Oddly enough, while she will fling herself with gay abandon into the arms of Jim Wallace or Cardinal Pell, the GLBTI community has had to stump up $31,100 for the chance of a chat with her by buying the time at a charity auction. …

    As I said – this may well be “defamatory” (diminishes reputation amongst fair minded citizens etc, etc,) BUT there is a 100% solid guarantee defence against such a claim under Australian law if the Defendant can establish “truth”.

    There are two steps (apart from “publication”):

    1. Is it defamatory?

    2. Is it true?

    If you get to 2 and answer “Yes” then it’s game over for the defamed party.

    Hockey’s claim has less legs than the cast of ‘Kandahar’.

  72. May 23rd, 2014 at 00:34 | #72

    PS: Palmer has issued his defamation claim against Qld Premier Campbell Newman (“Palmer buys Elections”).

    He and Anna Bligh quietly settled his defamation claim against her.

    Joh was briefly famous for his spectacular defamation payout from Alan Bond (when he owned channel 9) a record, at the time, $400,000.

    The deceased cannot sue for defamation. Some people have suggested that some of Joh’s defamation actions were orchestrated as a way of openly passing money that might otherwise be construed as dodgy payments.

    Alan Bond did quite well out of Queensland.

  73. alfred venison
    May 23rd, 2014 at 08:07 | #73

    well, i’ve said my two-bits, so i’m going to wait & see now. -a.v.

  74. May 23rd, 2014 at 08:53 | #74

    @John Quiggin
    Ah thanks ProfQ.

    Returning to subject of health cuts, I was discussing them with a colleague yesterday and we agreed some of the cuts to health promotion and prevention programs seem to be mainly about revenge – they’re cut because the previous government started them.

    The Australian national preventive health agency is quite small beer in funding terms, and the coag preventive programs have only a year to run. So there seems to be no point in cutting them, especially since the funding is then going to the medical research institute that is supposed to be about prevention (I don’t actually think it will be, but that’s what the press release says).

    Reminds me very much of what you (ProfQ) have been saying about right wing tribalism. Prof Peter Doherty has just called them idiots on twitter. Love it.

  75. Nick
    May 23rd, 2014 at 15:49 | #75


    I’m not sure it’s as simple as that.

    I think alfred is correct that the headline is the issue.

    “Treasurer for sale” is figurative. It’s truth value is open to interpretation.

    I’m guessing Hockey’s lawyers will argue that:

    1) The headline’s meaning is open-ended

    2) The name of a prominent ‘criminal’ was displayed in proximity to the headline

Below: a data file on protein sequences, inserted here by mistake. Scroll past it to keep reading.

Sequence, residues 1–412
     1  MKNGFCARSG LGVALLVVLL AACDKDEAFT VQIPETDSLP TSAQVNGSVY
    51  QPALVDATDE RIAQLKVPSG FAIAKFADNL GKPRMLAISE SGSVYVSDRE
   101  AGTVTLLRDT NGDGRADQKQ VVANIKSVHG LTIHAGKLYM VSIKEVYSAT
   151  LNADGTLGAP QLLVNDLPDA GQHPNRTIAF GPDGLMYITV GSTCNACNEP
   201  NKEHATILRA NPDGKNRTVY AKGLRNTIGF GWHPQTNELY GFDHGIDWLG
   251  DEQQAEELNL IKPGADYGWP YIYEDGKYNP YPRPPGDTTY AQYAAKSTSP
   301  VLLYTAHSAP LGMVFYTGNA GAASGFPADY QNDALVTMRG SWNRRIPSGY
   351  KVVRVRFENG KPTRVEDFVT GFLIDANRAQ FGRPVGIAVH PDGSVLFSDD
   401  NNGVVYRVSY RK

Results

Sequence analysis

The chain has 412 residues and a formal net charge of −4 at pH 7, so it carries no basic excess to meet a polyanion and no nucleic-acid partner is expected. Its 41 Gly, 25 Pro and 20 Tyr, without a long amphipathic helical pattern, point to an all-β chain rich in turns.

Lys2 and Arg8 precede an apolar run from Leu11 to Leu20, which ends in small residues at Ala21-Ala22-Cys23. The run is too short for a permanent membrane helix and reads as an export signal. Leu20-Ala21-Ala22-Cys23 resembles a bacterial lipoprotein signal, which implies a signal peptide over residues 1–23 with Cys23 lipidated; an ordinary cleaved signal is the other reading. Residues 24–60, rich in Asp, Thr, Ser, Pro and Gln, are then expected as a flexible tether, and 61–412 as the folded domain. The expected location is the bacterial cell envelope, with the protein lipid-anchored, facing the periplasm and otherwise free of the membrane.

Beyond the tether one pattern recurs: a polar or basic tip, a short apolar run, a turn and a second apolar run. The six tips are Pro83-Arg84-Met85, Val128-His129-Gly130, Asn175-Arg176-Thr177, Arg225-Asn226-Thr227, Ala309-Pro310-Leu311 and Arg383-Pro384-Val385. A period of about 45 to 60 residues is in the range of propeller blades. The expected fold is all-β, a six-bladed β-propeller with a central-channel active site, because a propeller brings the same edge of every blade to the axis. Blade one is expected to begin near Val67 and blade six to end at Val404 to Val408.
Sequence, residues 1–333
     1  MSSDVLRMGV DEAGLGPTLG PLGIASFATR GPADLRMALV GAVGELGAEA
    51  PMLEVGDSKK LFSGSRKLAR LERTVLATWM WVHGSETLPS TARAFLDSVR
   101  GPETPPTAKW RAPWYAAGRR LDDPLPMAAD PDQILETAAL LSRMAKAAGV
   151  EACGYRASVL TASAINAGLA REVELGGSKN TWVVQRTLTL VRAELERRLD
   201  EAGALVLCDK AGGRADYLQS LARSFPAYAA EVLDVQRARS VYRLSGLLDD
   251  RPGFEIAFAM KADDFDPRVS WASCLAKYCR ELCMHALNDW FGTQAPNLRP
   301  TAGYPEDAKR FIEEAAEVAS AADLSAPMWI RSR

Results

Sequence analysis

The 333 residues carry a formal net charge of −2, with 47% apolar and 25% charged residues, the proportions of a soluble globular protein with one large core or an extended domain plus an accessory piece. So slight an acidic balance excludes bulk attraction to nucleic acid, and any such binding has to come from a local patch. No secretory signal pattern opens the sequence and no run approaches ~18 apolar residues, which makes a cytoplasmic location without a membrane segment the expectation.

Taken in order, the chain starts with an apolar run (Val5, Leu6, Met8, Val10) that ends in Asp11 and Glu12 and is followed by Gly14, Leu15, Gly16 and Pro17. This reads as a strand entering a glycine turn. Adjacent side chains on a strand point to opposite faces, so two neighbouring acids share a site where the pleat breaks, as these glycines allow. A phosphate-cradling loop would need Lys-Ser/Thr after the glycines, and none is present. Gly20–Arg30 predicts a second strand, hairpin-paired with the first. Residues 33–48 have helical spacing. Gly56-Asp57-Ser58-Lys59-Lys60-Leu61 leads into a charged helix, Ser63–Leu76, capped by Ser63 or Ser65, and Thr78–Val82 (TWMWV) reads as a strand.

Therefore, a reasonable person might infer that Hockey had done something illegal.

    I don’t think that holds enough water. I think Fairfax were careful not to imply illegality (those covers are remarkably tame), and the other bulleted subheadings clarify exactly what the headline refers to. Only someone who read the word “Obeid” and nothing else could arrive at that interpretation.

    But I also don’t think Hockey’s case has no legs.

    And I haven’t seen the posters for the issue. It’s quite possible they’ll be the real problem, not the cover.

  76. May 23rd, 2014 at 16:19 | #76


    As far as I’m aware Obeid hasn’t been convicted of a crime yet. And even so, if it is true that the forum accepted money from him then that is a perfect defence to whatever it is that is said to be defamatory about that aspect.

    I seem to be in the minority in my view of Hockey’s prospects, but as I said – we’ll see what the court decides if it gets that far.

  77. May 24th, 2014 at 09:04 | #77

    Libertarians are seizing on this one with glee today


    What are your thoughts John? (as someone who, unlike me, can follow the more detailed mathematical arguments)

  78. Ernestine Gross
    May 24th, 2014 at 22:23 | #78


    The “tome” has arrived at my home a few days ago. I have not finished reading it. However, I can say already that I wouldn’t pay any attention to the article you referenced.

    Prof Piketty is careful in describing his methodology, data sources and varying data qualities with respect to individual countries. By contrast, the article you referenced is a big blur and it does not involve a ‘mathematical argument’.

    Furthermore, the said article is written as if Prof Piketty’s book, Capital in the 21 Century, is a manifesto of some kind based solely on his data. But this is not the case. This book was written after many peer reviewed articles involving co-authors from the Uk, the USA, Germany, Sweden. Moreover, earlier studies on income and wealth distributions by different authors is integrated. This is how scholarship works.

    Finally, assuming someone finds an arithmetic error or a data recording error. The crucial question then is whether the removal of the error changes the conclusion. In comparison with the task embarked by Prof Piketty, corporate accounting is trivially easy. Still, accounting relies on the notion of ‘non-material errors’ (ie some invoices have been wrongly recorded but it does not affect the conclusion). Have a look at a short time series of national accounting data for say Australia. You will quickly note that at times the quaterly revisions are as big as or greater than the quarterly changes in macro variables.

  79. Fran Barlow
    May 25th, 2014 at 09:02 | #79

    The Telecrap byline is wrong — it is not Sam Maiden but Miranda Devine — the diabolical Ms M — but the article still is laughable: